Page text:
Within this week, owners of more than 1,040,000 properties throughout the Lower Mainland can expect to receive their 2020 assessment notices which reflect market value as of July 1, 2019. Have you gotten yours? If not, Homeowners can learn the value of your home without waiting for a mailed assessment by visiting BC Assessment online.
It is the first time in the last 20 years that B.C.’s total property assessment values have gone down, according to BC Assessment.
Both detached homes and strata properties are down as much as 16 per cent throughout Metro Vancouver, with some values holding steady without any change and the prices holding steadier the further a property is from the city of Vancouver.
The biggest drops were seen in single-family home values in West Vancouver and UBC, both down 16 per cent year over year, followed by Richmond’s detached houses, down 14 per cent, and then Vancouver, Coquitlam and North Vancouver single-family homes – all down 11 per cent.
Market Trends For Single-family Residential Properties By Geographic Area:
|Single Family Home Changes by Community||2019 Typical Assessed Valueas of July 1, 2018||2020 Typical Assessed Valueas of July 1, 2019||% Change|
|City of Vancouver||$ 1,755,000||$ 1,568,000||-11%|
|University Endowment Lands||$ 5,904,000||$ 4,946,000||-16%|
|City of Surrey||$ 1,042,000||$ 1,010,000||-3%|
|City of Burnaby||$ 1,512,000||$ 1,363,000||-10%|
|City of Coquitlam||$ 1,254,000||$ 1,121,000||-11%|
|City of Port Coquitlam||$ 969,000||$ 875,000||-10%|
|City of Port Moody||$ 1,342,000||$ 1,192,000||-11%|
|City of White Rock||$ 1,310,000||$ 1,196,000||-9%|
|City of Richmond||$ 1,532,000||$ 1,322,000||-14%|
|City of New Westminster||$ 1,147,000||$ 1,054,000||-8%|
|City of North Vancouver||$ 1,510,000||$ 1,351,000||-11%|
|District of North Vancouver||$ 1,616,000||$ 1,479,000||-9%|
|District of West Vancouver||$ 2,803,000||$ 2,356,000||-16%|
Market Trends For Strata Residential Properties (e.g. condominiums) By Geographic Area:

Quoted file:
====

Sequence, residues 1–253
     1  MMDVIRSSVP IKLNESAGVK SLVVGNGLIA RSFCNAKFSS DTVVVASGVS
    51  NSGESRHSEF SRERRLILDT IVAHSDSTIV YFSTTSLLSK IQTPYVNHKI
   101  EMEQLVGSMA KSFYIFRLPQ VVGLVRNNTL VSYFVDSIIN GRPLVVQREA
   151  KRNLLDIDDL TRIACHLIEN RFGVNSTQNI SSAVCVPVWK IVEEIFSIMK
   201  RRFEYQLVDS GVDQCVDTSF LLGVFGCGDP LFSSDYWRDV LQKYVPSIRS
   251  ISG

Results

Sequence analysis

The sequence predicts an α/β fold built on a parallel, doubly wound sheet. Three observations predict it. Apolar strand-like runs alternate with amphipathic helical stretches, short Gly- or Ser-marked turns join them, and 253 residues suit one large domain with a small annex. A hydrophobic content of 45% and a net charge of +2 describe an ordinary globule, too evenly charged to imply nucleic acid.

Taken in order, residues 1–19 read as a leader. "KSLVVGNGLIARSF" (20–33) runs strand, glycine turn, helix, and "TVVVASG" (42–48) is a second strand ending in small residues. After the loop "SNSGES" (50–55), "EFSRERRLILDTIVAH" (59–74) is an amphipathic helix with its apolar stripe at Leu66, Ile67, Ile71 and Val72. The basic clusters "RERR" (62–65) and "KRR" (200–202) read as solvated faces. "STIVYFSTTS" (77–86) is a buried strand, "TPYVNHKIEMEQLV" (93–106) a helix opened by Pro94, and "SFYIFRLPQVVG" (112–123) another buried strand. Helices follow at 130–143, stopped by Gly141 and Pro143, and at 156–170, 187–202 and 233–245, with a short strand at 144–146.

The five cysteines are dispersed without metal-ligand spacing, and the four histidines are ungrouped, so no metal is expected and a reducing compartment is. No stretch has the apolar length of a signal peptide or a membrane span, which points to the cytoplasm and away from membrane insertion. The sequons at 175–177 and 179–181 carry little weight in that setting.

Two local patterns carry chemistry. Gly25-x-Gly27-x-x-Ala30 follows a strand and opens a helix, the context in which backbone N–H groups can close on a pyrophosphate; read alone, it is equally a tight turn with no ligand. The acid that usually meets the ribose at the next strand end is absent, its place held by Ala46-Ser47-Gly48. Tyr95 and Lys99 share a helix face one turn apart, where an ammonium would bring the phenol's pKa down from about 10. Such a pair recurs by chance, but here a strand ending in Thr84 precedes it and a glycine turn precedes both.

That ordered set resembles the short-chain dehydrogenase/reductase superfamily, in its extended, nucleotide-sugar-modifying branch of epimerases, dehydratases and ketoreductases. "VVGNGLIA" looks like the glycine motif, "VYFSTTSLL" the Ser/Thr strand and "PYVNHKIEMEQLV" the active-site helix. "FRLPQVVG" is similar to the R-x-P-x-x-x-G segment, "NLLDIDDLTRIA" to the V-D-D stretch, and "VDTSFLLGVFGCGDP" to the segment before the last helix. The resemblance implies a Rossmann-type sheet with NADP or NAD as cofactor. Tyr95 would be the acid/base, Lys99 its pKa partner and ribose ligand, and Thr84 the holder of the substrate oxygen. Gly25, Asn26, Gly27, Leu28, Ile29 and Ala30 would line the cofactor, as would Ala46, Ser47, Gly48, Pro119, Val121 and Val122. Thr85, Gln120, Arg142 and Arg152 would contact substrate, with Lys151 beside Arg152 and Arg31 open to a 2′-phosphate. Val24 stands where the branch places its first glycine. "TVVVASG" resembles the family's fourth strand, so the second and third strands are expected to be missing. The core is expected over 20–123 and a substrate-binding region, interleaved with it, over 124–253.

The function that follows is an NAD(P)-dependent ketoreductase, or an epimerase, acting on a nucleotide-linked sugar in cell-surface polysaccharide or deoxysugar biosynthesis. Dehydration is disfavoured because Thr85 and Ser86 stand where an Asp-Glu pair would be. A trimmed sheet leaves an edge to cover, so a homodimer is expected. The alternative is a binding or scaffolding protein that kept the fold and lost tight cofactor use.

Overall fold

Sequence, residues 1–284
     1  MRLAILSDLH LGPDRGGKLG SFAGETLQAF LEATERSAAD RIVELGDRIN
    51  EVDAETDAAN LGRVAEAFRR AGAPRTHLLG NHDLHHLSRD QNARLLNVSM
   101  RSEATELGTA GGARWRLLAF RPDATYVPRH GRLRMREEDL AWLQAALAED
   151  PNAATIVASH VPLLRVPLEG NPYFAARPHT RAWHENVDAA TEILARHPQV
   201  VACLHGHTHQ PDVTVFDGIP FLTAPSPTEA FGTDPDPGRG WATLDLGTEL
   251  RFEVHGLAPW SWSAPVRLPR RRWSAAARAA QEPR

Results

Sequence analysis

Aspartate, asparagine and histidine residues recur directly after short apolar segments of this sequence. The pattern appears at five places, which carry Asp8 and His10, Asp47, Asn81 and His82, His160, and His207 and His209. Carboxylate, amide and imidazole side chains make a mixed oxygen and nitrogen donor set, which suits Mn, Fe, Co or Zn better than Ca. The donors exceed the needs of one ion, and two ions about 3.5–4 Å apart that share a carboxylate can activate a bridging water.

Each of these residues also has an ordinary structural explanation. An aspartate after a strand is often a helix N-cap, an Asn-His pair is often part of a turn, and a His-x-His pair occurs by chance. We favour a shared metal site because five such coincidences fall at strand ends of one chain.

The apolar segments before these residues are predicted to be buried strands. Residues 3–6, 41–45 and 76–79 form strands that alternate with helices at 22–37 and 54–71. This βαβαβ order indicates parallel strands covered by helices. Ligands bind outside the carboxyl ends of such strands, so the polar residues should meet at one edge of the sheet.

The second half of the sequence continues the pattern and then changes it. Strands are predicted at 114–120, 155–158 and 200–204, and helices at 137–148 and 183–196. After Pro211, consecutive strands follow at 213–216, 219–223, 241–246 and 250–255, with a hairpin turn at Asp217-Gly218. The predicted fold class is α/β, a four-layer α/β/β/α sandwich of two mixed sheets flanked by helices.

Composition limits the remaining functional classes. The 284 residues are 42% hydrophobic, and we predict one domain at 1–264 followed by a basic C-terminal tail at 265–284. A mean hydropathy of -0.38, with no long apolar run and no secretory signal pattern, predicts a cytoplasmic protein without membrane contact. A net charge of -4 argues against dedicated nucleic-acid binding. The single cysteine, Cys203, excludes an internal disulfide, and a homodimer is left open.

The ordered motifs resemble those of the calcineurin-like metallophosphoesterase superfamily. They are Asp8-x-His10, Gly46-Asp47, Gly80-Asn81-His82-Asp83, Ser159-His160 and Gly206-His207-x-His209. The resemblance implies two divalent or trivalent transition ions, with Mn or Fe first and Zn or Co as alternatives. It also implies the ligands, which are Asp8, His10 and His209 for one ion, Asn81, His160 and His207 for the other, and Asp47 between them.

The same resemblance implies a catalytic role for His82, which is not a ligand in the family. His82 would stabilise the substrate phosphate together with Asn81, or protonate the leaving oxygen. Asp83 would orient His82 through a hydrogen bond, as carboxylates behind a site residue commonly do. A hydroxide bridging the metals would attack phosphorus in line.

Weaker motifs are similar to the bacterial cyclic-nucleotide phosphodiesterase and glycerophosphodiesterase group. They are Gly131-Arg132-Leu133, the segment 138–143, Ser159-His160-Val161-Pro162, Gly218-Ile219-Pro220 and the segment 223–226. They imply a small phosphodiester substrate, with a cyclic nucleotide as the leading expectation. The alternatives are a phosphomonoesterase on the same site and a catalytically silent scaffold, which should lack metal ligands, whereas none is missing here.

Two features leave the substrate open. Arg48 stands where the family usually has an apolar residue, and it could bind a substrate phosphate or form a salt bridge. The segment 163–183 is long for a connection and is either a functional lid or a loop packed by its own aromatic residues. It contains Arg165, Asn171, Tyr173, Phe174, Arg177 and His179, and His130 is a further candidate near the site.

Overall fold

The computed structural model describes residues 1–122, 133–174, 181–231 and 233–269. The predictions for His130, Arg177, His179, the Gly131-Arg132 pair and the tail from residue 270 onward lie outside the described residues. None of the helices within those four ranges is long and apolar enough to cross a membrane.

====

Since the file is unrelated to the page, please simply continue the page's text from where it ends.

Strata Home Changes by Community
|2019 Typical Assessed Valueas of July 1, 2018||2020 Typical AssessedValueas of July 1, 2019||% Change|
|City of Vancouver||$ 740,000||$ 686,000||-7%|
|City of Burnaby||$ 623,000||$ 569,000||-9%|
|City of Coquitlam||$ 591,000||$ 537,000||-9%|
|City of Port Coquitlam||$ 533,000||$ 486,000||-9%|
|City of Port Moody||$ 648,000||$ 615,000||-5%|
|City of New Westminster||$ 547,000||$ 500,000||-9%|
|City of North Vancouver||$ 707,000||$ 656,000||-7%|
|District of North Vancouver||$ 758,000||$ 693,000||-9%|
|District of West Vancouver||$ 1,288,000||$ 1,156,000||-10%|
|City of Surrey||$ 522,000||$ 497,000||-5%|
|City of White Rock||$ 478,000||$ 461,000||-4%|
|City of Richmond||$ 654,000||$ 600,000||-8%|
While property values help determine a home’s property taxes, a lower value doesn’t mean you’ll be paying less in property taxes.
As noted on your assessment notice, how your assessment changes relative to the average change in your community is what may affect your property taxes. You can find your property class on your assessment notice next to your assessed value.
Cities throughout the region finalized their budgets and their property tax rates last month and those budgets don’t change based on the value of their constituents’ properties, so the amount homeowners pay will be recalculated based on relative values. For example, if the home values dropped 10 per cent in your community, but your home dropped by 13 per cent, it’s possible your tax bill could stay the same or even dip a little.
But considering the City of Vancouver alone has approved a seven per cent tax hike for 2020, the likelihood of paying less in property taxes this year is slim.